$ 95.96 $ 119.95
Maximum quantity available reached.
Product Description
  • Road Name: Metropolitan Transportation Authority (Green w/Silver Roof - South Bound)
  • Road Number: 7099, 7048
  • Product Line: MTH HO
  • Scale: HO Scale
  • Release: Sept. 2018
Features:
  • Durable ABS Intricately Detailed Bodies
  • Metal Wheels and Axles
  • Overhead Interior Lighting
  • Die-Cast 4-Wheel Trucks
  • Operating Die-Cast Metal Couplers
  • Authentic Paint Scheme
  • Detailed Car Interiors
  • Stamped Metal Floors
  • Detailed Car Undercarriage
  • Unit Measures:27" x 2 1/2" x 3 3/8"
  • Operates On 18" Radius Curves
      Overview:

      On June 1, 1940, the City of New York acquired the two subway systems it didn't already own - the IRT (Interborough Rapid Transit Co.) and the BMT (Brooklyn-Manhattan Transit Corp.) - and consolidated them with the city-owned IND (Independent Subway System). It was readily apparent that the city's fleet of aging subway cars was desperately in need of replacement, and immediately after World War II, management began to develop a new car that would be standard throughout the system and incorporate the latest advances in subway design. This effort was complicated by the fact that portions of the IRT had tighter clearances than the IND and BMT, so all future designs would incorporate a shorter, narrower IRT version.

      Beginning with contract R-10, and IRT-sized contract R-12 delivered in 1948, the new cars featured welded steel bodies, fluorescent lighting that made them considerably brighter than prewar cars, and seating made of foam rubber covered with velon, a new plastic material that replaced the rattan seating of older cars. A major improvement was a new type of brake system known as Straight Air Motor Car Electric-Pneumatic Emergency (SMEE), which combined ordinary air brakes with dynamic braking, in which a car's electric motors, by having their polarities reversed, were converted to generators in order to slow the car. This significantly reduced brake shoe wear and maintenance costs. Beginning with the R-12, the postwar IRT cars were known as the SMEE fleet.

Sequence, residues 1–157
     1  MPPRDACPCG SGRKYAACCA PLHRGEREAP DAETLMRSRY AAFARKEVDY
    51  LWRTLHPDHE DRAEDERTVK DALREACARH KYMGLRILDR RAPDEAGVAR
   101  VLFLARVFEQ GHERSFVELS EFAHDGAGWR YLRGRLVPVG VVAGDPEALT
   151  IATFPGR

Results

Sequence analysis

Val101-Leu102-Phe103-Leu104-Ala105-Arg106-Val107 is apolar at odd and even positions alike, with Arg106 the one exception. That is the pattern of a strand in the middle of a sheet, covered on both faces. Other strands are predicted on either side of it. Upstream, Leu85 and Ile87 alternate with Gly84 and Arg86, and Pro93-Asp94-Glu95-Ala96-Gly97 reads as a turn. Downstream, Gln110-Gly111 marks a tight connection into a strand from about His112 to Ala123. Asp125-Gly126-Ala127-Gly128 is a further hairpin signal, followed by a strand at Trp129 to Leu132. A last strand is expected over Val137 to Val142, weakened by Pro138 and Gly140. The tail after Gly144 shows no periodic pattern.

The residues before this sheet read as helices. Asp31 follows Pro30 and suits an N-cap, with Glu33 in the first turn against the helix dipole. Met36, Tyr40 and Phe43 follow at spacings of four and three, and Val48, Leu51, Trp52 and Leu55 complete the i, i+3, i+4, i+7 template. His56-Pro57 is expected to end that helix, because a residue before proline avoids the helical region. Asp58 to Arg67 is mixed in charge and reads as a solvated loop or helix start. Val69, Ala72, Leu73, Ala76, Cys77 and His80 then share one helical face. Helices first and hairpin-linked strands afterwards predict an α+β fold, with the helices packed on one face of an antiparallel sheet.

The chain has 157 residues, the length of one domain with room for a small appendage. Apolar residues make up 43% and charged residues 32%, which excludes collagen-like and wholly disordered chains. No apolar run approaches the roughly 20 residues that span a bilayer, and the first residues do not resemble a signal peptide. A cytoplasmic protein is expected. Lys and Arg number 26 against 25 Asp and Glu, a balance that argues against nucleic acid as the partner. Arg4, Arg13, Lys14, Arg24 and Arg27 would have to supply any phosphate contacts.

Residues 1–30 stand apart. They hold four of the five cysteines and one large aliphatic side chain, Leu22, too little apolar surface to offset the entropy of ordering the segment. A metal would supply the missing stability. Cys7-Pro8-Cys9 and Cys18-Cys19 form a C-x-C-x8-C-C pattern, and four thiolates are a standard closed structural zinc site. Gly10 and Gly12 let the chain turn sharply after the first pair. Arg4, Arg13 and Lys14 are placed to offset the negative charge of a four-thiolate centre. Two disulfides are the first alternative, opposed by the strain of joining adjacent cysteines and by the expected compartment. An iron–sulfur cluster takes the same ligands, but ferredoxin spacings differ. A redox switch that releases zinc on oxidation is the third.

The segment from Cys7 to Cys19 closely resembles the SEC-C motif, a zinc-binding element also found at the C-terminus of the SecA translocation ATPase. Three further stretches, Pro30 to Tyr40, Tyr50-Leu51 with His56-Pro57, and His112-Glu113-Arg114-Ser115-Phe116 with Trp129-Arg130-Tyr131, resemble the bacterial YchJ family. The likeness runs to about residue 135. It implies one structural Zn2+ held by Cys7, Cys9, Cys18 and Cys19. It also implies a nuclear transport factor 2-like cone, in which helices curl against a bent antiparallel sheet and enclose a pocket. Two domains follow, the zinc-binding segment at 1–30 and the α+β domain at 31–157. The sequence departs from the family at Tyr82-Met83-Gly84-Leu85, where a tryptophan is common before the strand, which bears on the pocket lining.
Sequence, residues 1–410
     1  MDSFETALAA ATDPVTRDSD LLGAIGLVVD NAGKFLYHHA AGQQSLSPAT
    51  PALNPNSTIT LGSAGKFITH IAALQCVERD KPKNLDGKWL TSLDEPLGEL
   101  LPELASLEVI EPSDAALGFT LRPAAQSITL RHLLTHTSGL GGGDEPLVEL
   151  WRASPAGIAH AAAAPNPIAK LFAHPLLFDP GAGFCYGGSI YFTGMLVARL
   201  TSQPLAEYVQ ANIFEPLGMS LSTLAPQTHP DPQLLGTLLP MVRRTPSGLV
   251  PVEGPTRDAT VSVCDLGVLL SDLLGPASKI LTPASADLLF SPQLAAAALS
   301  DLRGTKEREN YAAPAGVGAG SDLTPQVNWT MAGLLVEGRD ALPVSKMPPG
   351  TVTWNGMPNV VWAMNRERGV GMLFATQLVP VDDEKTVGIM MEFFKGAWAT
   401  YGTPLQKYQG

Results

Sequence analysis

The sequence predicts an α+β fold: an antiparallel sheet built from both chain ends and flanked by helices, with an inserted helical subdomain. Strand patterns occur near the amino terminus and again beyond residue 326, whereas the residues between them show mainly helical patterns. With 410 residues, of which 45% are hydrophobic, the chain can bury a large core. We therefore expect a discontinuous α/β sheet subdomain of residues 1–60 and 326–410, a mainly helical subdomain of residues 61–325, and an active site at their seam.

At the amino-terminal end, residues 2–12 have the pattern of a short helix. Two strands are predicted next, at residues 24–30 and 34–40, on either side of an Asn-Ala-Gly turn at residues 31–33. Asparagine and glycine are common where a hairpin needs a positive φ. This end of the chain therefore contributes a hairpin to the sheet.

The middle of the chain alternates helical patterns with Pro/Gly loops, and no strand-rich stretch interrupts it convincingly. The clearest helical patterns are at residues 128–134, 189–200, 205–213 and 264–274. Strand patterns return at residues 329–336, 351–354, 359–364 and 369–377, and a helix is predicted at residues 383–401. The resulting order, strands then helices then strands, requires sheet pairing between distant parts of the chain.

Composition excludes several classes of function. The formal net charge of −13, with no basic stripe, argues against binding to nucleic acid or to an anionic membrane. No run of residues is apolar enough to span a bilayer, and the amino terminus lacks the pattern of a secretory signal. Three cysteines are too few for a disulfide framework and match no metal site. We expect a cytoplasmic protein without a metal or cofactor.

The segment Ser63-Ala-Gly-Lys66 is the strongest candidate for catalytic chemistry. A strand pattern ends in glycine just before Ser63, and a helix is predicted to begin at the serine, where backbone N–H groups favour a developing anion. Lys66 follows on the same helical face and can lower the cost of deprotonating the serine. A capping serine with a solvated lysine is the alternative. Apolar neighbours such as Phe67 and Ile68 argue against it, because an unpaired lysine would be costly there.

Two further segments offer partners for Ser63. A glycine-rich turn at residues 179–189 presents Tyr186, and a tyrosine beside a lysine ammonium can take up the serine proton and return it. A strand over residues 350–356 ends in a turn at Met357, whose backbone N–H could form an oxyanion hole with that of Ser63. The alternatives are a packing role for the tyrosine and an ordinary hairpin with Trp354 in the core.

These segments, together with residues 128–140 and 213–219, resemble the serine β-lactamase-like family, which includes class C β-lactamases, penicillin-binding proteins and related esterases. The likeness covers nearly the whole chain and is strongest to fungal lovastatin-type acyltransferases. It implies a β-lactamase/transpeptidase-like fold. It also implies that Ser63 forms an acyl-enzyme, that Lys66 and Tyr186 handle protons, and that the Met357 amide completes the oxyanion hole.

The 400 cars built under contract R-17 were part of the 1950s expansion of the SMEE fleet, which also included the similar-looking R-15, R-21 and R-22 cars. As was normal practice at the time, the 400 R-17 cars delivered by St. Louis Car Co. in 1955-1956 were evenly split between General Electric and Westinghouse electrical gear, with each company equipping half the cars. The R-17s could be operated independently or with any other SMEE cars, and various SMEE types were often intermixed in trains. Ten of the R-17s were delivered with factory-installed air conditioning. The experiment proved unsuccessful, however, and the AC was later removed. Also removed were the comfortable velon seats, which proved an easy mark for vandals and were replaced by hard fiberglass benches.

      Delivered in a maroon paint scheme, the R-17s were repainted in the MTA's new blue and silver colors in the 1970s. A less-than-successful white scheme, intended to discourage taggers, followed in the 1980s. And just a few years before their retirement in 1988, 16 cars were painted in the "fox red" used on the Redbird cars, although the R-17s were never officially part of the Redbird fleet.